Separated From Her Mother and Family
by Sharon Callahan and Carol Buckley

      Sissy was born in the wilds of Asia in 1962. She was captured and separated from her mother and family at age two. If she had been left in a natural situation, Sissy would have spent her entire life, some 60-70 years, with her mother and female relatives. She would have grown to know and depend upon her aunts, cousins, sisters, and grandmother for guidance and protection. Her role as a sister and mother would have brought her status and responsibility in her family. In her golden years she would have been treated with respect for her knowledge and wisdom. In her final days she would have been protected by those daughters and nieces whom she had nurtured from infancy.

Life at a Zoo in Texas
Instead, Sissy was shipped to America where she became the favorite attraction at Six Flags over Texas Amusement Park petting zoo. She was one of a long line of such attractions at the park. But the practice of separating a baby elephant from her mother and placing her on exhibit for human entertainment ceased at the park in the early 70s. This change in policy coincided with the declaration of the Asian elephant as an endangered species. Records indicate that in December 1969 Sissy was sold to the Zoo in Gainesville, Texas as a replacement for the zoo's previous elephant, Gerry, who had died. Sissy immediately became the focal point of the zoo. In 1981, Sissy's popularity and renown grew, she became an icon and mascot for Cooke County.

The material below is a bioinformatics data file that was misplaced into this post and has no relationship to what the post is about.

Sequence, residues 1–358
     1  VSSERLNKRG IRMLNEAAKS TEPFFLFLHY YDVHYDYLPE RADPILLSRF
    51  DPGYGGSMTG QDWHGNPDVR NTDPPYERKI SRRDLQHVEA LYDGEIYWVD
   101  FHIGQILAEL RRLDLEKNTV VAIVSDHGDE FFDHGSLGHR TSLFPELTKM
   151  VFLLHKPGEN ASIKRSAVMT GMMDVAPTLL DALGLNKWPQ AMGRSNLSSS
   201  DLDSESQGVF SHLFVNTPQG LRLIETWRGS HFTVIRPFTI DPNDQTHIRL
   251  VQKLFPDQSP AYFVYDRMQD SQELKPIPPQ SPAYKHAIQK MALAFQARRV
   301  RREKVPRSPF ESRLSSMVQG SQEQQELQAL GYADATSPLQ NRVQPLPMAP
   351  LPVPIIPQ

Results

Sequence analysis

Sissy Almost Loses Her Life
In the record flood of 1981, Sissy and many of the Zoo's animal collection were swept from their enclosures. Sissy was presumed dead but when the waters started to recede, she was spotted. Actually it was her trunk that was spotted, wrapped around a tree limb, sticking just above the water line. It would be another 24 hours before the water level dropped enough for Sissy to free herself from the tree that her body and trunk were wrapped around. Sissy suffered long-term emotional trauma from that horrifying accident. Several who were close to her have said that the threat of a pending storm causes Sissy to become petrified with fear. Her phobia of water was so deep that for years Sissy would allow only one keeper to give her a bath.

In 1988, flood waters once again threatened the lives and homes of the zoo's animals. Sissy and many other animals were evacuated. In 1986, Sissy was shipped to the Fort Worth Zoo for breeding. This was the first time since infancy that Sissy would be with others of her own kind. Sadly her socialization skills were not developed, making interaction with the other elephants difficult for her. Additionally, Sissy was now separated from her longtime keeper and was now expected to respond to strangers. She reportedly showed signs of aggression toward her new keepers and did not relate well with the other elephants. Sissy was miserable. During her two-year stay at the Fort Worth Zoo, she was never successfully bred and was returned to the Zoo in Texas.